Despite his rise in the polls, not all conservatives are sold on Newt Gingrich. In recent days, Gingrich’s shortcomings as Speaker, his inconsistencies, and support for a bigger, more intrusive government have been the focal point of many in the right-leaning blogosphere.
In recent days, Gingrich has been rightfully criticized by Fred Barnes and George Will for comments about Mitt Romney’s time in the private sector. While Gingrich passes these off as a “joke,” it’s clear that he doesn’t understand the difference between capitalism (the concept of profit and loss) and corporatism, which he engaged in during his time as a lobbyist for Freddie Mac.
To make his growing problem worse, the editors of the conservative National Review came out strongly against Gingrich’s candidacy yesterday:
Yesterday, Stephen Slivinski wrote a excellent piece on how Newt Gingrich betrayed conservatives in the 90’s on issues ranging to budget battles and intra-caucus politics. The long and the short of it is that the Republican Revolution succeded not because of Gingrich, but in spite of him.
There has been a conservative alternative presented by the current crop of House Republicans. Though it may not be perfect, it represents a clear, distinct alternative to the agenda of President Barack Obama, who is trying to expand entitlements and domestic spending as much as possible.
As you no doubt remember, Gingrich knocked Rep. Paul Ryan’s budget plan back in May during an appearance on Meet the Press; calling it “right-wing social engineering.” This set off a fire storm against the former Speaker that led many to believe his candidacy was dead in the water.
And during a interview last week with Coffee & Markets, Gingrich may have again stepped in some controversy regarding Ryan and his budget. Here is the relevant part of the interview (emphasis mine):
C&M: You know, in terms of your critique of sort of the dangers of forcing people into this, of making it mandatory, I certainly agree with you. But isn’t the problem with that sort of an approach that you don’t have predictability when it comes to the costs of the program in the future? And if you could explain to us, I’d love to hear it, why you’re confident that a public option versus a private option in Medicare will bring these costs down.
Donald Trump has backed out of the December 27th debate, hosted by the conservative magazine, Newsmax, after several Republicans candidates turned down invitations to participate. Why? Well, Trump says it’s because he is still considering an independent bid for president:
Donald Trump has backed out of moderating a Republican debate because, he says, he’s still considering running for president as an independent candidate.
In a statement on Tuesday, Trump said that GOP candidates are “very concerned” that he will announce an independent candidacy after “The Apprentice” ends, and that they won’t agree to a debate with him unless he rules that out. Which he won’t do.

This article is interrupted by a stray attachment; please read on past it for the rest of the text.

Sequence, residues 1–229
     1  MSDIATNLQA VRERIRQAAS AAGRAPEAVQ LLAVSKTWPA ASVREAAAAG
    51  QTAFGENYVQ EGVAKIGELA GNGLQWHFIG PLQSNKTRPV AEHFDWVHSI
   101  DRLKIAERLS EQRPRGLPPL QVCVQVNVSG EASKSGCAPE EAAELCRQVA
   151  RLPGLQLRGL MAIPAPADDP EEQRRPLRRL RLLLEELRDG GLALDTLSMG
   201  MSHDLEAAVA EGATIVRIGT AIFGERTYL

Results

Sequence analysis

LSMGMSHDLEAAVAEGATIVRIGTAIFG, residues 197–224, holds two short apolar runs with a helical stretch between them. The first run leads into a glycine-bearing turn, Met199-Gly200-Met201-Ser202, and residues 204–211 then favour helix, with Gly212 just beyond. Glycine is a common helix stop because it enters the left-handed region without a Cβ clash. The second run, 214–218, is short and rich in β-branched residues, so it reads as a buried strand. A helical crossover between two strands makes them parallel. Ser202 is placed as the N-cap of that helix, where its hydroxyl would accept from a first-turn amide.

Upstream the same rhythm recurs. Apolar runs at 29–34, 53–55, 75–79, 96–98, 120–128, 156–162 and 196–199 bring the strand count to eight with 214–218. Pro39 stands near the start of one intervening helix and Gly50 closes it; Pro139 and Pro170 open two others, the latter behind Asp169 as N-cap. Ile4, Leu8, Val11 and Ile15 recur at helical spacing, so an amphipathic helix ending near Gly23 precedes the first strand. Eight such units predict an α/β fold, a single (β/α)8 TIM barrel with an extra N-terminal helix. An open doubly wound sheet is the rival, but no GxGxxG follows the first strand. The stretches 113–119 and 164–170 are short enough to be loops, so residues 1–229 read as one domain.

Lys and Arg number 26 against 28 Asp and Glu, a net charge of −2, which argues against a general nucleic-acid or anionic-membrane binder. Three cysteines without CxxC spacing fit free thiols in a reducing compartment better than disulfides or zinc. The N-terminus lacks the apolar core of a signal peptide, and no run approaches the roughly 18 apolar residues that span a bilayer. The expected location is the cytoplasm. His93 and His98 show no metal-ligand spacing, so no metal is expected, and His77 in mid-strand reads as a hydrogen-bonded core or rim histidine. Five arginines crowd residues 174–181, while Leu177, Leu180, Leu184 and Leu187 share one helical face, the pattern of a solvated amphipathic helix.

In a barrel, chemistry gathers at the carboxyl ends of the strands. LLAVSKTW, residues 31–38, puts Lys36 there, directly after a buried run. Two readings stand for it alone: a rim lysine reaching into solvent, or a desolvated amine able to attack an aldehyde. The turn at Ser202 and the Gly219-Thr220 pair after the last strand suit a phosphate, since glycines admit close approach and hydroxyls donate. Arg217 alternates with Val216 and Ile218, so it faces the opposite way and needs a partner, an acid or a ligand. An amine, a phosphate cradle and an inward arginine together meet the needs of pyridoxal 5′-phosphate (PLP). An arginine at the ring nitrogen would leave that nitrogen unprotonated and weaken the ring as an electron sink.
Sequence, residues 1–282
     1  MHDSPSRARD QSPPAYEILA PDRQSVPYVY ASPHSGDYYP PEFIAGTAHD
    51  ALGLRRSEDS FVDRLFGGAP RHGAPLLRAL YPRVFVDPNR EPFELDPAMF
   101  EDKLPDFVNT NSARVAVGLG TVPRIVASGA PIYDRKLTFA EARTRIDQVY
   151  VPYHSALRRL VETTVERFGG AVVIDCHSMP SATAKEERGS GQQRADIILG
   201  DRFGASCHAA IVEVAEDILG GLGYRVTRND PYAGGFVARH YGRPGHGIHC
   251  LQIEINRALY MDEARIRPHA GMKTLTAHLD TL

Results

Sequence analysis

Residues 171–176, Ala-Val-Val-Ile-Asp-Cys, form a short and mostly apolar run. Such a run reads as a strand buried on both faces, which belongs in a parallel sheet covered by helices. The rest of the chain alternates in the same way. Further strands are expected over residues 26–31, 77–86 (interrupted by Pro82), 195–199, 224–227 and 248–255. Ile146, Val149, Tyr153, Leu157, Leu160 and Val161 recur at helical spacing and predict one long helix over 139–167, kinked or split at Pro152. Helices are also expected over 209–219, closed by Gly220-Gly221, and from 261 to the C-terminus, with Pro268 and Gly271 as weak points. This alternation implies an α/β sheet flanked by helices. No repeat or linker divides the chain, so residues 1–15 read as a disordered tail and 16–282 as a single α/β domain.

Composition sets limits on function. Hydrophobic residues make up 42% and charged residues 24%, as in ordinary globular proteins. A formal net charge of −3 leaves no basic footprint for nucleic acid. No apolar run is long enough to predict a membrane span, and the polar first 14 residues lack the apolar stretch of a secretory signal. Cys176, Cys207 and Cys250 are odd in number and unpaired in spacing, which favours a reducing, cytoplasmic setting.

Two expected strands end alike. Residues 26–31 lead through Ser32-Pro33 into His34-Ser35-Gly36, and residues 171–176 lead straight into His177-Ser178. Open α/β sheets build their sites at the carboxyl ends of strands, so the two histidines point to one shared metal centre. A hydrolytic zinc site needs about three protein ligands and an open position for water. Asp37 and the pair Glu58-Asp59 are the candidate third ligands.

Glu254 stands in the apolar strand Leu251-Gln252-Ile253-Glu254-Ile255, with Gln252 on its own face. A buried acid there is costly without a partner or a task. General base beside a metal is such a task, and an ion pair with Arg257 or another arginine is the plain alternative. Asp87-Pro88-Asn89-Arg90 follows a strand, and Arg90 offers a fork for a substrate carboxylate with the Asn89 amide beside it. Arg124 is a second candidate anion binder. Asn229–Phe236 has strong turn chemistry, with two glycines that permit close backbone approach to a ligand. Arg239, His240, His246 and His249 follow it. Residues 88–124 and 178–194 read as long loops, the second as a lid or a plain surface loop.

“It is very important to me that the right Republican candidate be chosen to defeat the failed and very destructive Obama Administration, but if that Republican, in my opinion, is not the right candidate, I am not willing to give up my right to run as an Independent candidate,” Trump said in his statement. “Therefore, so that there is no conflict of interest within the Republican Party, I have decided not to be the moderator of the Newsmax debate.”
Over the last several months, we’ve noted numerous times that Mitt Romney is incredibly inconsistent. He’s been on just about every side of issues that are important to conservatives. And the guy comes across like the typical politician; someone that will say anything to get your vote.
While I’m not fan of Newt Gingrich and believe he is just as inconsistent, Romney’s bomb-throwing on his rival’s record is laughable. I know, it’s a primary and every candidate is going to play the “I’m more conservative” card whenever they have a chance. But with Romney, there is just so much to counter this. And it’s not in the way of support for statist policies, Romney has litterally run away from conservatism.
During his race against Sen. Ted Kennedy in 1994, Romney played down the Contract with America, which was key to the Republican takeover of Congress, saying that it “is not a good idea to go into a ‘contract’ like what was organized by the Republican Party in Washington”:
Yesterday, I noted new polling from the American Research Group showing that Rick Perry was making a bit of a comeback in Iowa. That may or may not be true. Polls are difficult to read and nearly everyone shows something different, but what we do know is that Newt Gingrich’s support is fading.
The latest poll from Public Policy Polling (PPP), which is a Democratic firm, shows that Ron Paul is now in a statistical tie with Gingrich. Here is how the field shapes up in the Hawkeye State, at least according to PPP:
- Newt Gingrich: 22% (-5)
- Ron Paul: 21% (+3)
- Mitt Romney: 16% (—)
- Michele Bachmann: 11% (-2)
- Rick Perry: 9% (—)
- Rick Santorum: 8% (+2)
- Jon Huntsman: 5% (+1)
- Gary Johnson: 1% (—)
- Other/Not sure: 7%
PPP also shows Paul with the highest favorability, 61%, of any of the Republicans candidates. Only 31% have an unfavorable view of the Texas Congressman.
When these results were release yesterday, I saw several conservative scoff at them. For example, RedState’s Dan tweeted this:
Folks, Ron Paul can’t crack 20% in IA http://bit.ly/rPwWkZ in 2008 he drew 9% there to Mitt’s 26%. His ceiling’s too low.